Jeffrey Aronson: When I use a word . . . Pro patria mori

jeffrey_aronsonExactly a hundred years ago, on 19 February 1916, a British soldier, Captain Robert French, died in London after injuries sustained in battle. The following account is taken from his medical notes (picture).

Captain French was wounded on 25 September 1915 while fighting with the 1st Battalion Royal Welch Fusiliers during the Battle of Loos. A bullet fired from about 200 yards away hit him in the back of the neck and he fell to the ground. He did not lose consciousness, but he developed a severe headache and lost the power of movement in his arms and legs. He was transported to a Casualty Clearing Station, where he remained for one or two nights, and was then taken by train to No 7 Stationary Hospital in Boulogne, where he stayed for 4 days. He was conscious but had some pain in the neck and could not feel anything in his legs, arms, or trunk and had no power of movement below the neck.

On 1 October, having been returned to Britain, he was admitted to the Empire Hospital for Officers at 69 Vincent Square, Westminster, London SW1. On 17 October a surgeon, Mr Walton, opened the Captain’s neck and found that the vertebral laminae, especially on the left side of the 5th cervical vertebra, were crushed and pressing on the cord. He removed the laminae of the 4th to 7th cervical vertebrae and noted that the cord then pulsated; he did not incise the dura. On December 15 it was noted that the knee jerks were present in both legs but the ankle jerks were absent; both plantar responses were flexor. There was still no movement at the wrists or fingers. He had occasional sweats on the left side of face, neck, and upper part of the chest and there was ptosis and enophthalmos of the left eye. A note on 16 January 1916 recorded that the ankle jerks were now present and that the knee jerks were now brisk; the plantar responses were both extensor and the abdominal reflexes were absent. He had periodic masseter clonus. His sensation and movements were still impaired. By now he had developed recurrent attacks of fever and chills, and examination of his urine showed the presence of Morgan-like bacilli. His condition progressively deteriorated during January and February. His temperature was high and his pulse rapid. He had “malarial sweats” in the upper part of his body and had presumably developed a septicaemia.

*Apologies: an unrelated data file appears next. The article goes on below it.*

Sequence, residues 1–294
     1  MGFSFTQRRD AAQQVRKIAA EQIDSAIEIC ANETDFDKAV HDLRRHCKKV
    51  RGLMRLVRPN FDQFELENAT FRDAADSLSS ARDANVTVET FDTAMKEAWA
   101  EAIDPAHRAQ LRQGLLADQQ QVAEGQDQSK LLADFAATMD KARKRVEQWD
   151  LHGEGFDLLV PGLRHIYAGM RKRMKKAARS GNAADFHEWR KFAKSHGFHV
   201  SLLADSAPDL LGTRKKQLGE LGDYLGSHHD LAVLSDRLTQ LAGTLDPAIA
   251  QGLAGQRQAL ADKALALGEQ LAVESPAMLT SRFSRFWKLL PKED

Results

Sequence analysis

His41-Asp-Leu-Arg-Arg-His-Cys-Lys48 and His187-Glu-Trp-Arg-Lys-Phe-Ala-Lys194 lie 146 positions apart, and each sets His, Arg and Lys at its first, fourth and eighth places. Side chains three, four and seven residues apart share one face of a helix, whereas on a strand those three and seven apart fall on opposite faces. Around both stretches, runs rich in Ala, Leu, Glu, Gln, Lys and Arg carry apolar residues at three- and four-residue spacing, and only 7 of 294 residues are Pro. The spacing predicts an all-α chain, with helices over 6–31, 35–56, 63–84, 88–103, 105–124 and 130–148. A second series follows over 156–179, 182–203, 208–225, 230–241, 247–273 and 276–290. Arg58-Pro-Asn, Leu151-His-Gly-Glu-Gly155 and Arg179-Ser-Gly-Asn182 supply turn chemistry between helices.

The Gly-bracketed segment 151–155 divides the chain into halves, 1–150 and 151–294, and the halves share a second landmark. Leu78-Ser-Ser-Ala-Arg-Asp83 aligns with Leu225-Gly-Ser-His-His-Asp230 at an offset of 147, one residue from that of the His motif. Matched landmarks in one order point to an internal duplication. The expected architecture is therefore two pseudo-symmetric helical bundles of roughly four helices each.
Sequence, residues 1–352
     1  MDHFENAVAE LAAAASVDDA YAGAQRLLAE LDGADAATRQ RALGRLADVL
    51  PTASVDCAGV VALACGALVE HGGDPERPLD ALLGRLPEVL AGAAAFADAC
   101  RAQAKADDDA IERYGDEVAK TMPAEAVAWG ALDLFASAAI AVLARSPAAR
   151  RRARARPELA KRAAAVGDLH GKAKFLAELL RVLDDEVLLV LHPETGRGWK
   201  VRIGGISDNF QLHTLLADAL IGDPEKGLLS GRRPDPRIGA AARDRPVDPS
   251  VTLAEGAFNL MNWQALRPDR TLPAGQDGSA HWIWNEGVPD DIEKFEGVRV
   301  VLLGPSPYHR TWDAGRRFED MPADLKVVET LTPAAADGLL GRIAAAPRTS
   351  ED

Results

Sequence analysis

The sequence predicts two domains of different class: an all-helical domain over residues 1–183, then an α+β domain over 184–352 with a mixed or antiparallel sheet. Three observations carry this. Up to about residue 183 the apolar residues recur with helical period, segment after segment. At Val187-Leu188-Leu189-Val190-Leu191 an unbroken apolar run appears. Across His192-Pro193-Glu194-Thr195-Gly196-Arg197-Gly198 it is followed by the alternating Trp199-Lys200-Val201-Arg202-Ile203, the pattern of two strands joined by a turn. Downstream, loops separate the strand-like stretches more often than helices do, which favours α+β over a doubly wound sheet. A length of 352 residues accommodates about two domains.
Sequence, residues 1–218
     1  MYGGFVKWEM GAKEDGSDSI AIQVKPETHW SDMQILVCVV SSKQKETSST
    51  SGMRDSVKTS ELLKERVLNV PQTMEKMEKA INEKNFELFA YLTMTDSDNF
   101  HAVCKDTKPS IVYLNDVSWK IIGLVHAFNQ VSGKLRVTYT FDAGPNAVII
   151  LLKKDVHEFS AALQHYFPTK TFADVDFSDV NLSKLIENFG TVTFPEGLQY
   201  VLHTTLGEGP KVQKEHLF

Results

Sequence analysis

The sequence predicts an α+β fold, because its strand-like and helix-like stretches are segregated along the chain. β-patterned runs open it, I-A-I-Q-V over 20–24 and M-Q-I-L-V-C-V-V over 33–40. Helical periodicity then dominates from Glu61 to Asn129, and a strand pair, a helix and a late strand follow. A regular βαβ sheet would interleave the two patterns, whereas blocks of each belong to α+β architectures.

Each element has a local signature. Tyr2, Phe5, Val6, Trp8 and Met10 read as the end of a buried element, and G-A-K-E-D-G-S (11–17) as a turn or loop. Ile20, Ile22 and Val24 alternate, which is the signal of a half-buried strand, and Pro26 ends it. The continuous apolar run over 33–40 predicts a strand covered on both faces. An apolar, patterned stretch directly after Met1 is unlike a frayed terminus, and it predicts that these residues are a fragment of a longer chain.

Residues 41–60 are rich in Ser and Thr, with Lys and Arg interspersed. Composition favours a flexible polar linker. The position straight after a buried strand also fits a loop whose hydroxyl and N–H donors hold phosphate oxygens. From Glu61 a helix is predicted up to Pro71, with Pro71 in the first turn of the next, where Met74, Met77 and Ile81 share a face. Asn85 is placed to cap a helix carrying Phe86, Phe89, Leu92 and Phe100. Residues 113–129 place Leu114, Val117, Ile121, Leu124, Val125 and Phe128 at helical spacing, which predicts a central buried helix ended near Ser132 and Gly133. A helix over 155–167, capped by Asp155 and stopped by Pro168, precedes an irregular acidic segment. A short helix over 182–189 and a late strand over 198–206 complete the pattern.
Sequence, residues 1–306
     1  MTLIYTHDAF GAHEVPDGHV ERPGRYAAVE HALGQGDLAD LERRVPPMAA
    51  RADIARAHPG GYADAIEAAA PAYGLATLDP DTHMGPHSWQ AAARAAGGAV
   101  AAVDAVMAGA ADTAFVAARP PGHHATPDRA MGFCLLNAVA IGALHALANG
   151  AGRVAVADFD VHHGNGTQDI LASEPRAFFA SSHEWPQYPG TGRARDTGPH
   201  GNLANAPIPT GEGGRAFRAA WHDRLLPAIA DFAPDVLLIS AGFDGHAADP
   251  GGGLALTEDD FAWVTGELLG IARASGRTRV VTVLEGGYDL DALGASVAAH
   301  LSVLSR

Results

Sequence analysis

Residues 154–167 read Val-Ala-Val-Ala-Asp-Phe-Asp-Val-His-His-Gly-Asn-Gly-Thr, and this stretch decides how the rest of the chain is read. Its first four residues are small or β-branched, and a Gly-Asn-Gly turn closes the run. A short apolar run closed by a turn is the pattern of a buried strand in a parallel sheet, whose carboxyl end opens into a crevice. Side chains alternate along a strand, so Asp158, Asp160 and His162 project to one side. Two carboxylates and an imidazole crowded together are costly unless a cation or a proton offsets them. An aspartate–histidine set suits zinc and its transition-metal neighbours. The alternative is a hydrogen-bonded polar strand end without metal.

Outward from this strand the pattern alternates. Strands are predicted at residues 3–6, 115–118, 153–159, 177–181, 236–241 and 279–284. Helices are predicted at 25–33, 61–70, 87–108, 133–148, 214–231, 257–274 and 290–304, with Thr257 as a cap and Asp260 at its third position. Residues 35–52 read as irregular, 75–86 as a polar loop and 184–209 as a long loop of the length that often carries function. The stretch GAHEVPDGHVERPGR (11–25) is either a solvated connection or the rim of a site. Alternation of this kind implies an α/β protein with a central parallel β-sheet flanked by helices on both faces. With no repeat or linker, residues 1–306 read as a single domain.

Some of the features of this description may require explanation. Morgan’s bacillus was described in The BMJ by a British bacteriologist Harry de R. Morgan in 1906, when he isolated it from the stools of infants with “summer diarrhea” (acute gastroenteritis). He and John Charles Grant Ledingham reviewed it in 1909. It was first named Morganella morganii and then in 1919 Bacillus morganii and in 1936 Proteus morganii. It has two subspecies, morganii and columbensis; the latter is now called Escherichia coli.

“Malarial sweats” presumably means drenching sweats; here the term is unlikely to refer to the periodicity of the sweats.

The ptosis and enophthalmos of the left eye suggest Horner’s syndrome, caused either by the injury or the operation on his neck. Since the eye signs in Horner’s syndrome are accompanied by lack of sweating on the same side of the face, his medical notes may have been wrong in noting that the bouts of sweating occurred on the left side. Horner’s syndrome (Bernard–Horner syndrome, to include Claude Bernard, or oculosympathetic palsy) was described in 1869 by Johann Friedrich Horner (1831–86); his paper was titled “Über eine Form von Ptosis” and it appeared in Klinische Monatsblätter für Augenheilkunde. Horner was a Swiss ophthalmologist who was born in Zurich. He also described the sex-linked nature of red–green colour blindness in 1876 and Horner–Tranter dots, white conjunctival infiltrates seen in vernal keratoconjunctivitis.

Captain French died on 19 February 1916. He was 22.
Thanks to Desmond Devitt of the Dragon School, Oxford, for drawing this case to my attention. Captain French was an old boy of the school, one of over 80 Old Dragons who were killed during the first World War. The experiences of other Old Dragons during WW1 can be followed at

Picture: An extract from the medical notes of Captain R French during his last illness in the Empire Hospital for Officers in London, 1 October 1915 to 19 February 1916.






Jeffrey Aronson is a clinical pharmacologist, working in the Centre for Evidence Based Medicine in Oxford’s Nuffield Department of Primary Care Health Sciences. He is also president emeritus of the British Pharmacological Society.

Competing interests: None declared.